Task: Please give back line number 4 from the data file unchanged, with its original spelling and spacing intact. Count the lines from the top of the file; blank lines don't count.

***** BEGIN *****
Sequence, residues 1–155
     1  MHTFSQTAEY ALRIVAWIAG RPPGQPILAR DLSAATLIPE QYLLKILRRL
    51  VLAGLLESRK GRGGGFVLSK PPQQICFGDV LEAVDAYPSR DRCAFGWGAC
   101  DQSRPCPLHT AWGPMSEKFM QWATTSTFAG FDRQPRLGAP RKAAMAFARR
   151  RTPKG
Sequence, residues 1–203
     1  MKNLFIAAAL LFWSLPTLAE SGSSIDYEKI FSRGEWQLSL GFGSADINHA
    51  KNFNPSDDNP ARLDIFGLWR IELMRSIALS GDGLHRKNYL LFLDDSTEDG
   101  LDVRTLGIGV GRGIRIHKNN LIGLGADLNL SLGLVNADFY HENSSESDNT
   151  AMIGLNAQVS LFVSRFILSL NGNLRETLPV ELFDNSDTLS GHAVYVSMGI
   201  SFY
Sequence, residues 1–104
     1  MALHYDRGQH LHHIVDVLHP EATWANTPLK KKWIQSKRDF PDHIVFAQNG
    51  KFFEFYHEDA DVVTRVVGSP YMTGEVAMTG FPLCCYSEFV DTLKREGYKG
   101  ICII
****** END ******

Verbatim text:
   101  DQSRPCPLHT AWGPMSEKFM QWATTSTFAG FDRQPRLGAP RKAAMAFARR